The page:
Jeremy Grantham on divesting from Big Oil

LATE LAST year Jeremy Grantham, an investor routinely described as “legendary”, spoke about ESG (environmental, social and governance) investing at a conference in London. His presentation was slick; his accent floated somewhere in the mid-Atlantic (Mr Grantham is English but has lived in America for ages). “I love S and G,” he began. “But E is about survival.”

Three-letter abbreviations have been a constant in Mr Grantham’s professional life. He is the G in GMO, which stands for Grantham, Mayo and van Otterloo, the fund-management group he co-founded. His firm has a distinctive philosophy: it favours companies with low share prices relative to measures of fundamental worth, such as cash flows or the value of assets. Mr Grantham owes much of his public profile to his decrying of stockmarket bubbles.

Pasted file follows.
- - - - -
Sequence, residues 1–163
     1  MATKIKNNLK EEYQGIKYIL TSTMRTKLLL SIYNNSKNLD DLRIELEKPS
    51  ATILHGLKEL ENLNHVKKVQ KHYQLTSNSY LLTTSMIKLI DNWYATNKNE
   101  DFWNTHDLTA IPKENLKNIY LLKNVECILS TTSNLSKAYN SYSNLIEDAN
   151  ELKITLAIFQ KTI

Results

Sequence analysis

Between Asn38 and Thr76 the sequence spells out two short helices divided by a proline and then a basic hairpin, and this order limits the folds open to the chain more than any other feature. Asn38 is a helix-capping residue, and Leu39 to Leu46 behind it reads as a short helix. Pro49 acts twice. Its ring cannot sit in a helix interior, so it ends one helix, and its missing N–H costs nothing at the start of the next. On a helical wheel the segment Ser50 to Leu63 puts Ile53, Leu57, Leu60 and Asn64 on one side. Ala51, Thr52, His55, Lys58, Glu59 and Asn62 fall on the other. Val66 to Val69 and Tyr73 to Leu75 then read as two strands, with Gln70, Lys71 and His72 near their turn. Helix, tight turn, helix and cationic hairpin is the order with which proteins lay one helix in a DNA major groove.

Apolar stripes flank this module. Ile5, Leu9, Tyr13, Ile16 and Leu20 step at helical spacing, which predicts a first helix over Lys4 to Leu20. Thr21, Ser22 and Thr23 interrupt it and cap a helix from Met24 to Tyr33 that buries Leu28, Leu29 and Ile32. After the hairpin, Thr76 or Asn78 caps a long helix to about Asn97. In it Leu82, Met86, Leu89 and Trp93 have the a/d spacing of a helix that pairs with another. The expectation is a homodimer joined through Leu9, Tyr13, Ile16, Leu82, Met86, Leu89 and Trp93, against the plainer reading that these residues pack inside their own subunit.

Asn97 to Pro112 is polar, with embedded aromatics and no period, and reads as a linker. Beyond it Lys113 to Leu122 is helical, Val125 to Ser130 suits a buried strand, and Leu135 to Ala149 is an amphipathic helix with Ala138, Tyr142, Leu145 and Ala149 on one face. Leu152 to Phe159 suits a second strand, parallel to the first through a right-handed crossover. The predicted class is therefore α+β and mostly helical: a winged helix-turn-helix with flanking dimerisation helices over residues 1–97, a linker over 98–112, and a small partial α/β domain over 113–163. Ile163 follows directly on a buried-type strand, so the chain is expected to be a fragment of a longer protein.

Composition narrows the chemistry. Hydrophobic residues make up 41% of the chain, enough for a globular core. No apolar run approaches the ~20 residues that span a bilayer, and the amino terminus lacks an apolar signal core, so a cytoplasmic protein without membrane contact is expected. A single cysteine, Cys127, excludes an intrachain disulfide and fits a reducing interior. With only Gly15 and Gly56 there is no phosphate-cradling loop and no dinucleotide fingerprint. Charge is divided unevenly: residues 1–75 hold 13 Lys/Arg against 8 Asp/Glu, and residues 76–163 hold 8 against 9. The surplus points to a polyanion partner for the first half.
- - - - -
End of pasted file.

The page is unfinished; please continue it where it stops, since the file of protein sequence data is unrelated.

This sort of hard-headed, long-termist approach also informs Mr Grantham’s views on environmental policy. And his conclusion is that investors should avoid owning oil stocks.

It is a call that raises hackles. Committees that set investment policies for pension funds fear that if they shun oil stocks it will be harder to reach their financial goals. Mr Grantham checked the data to find out whether, and how much, omitting the stocks of any industry over three decades would have hurt a hypothetical investor. He created...

via The Economist: Finance and economics Business Feeds

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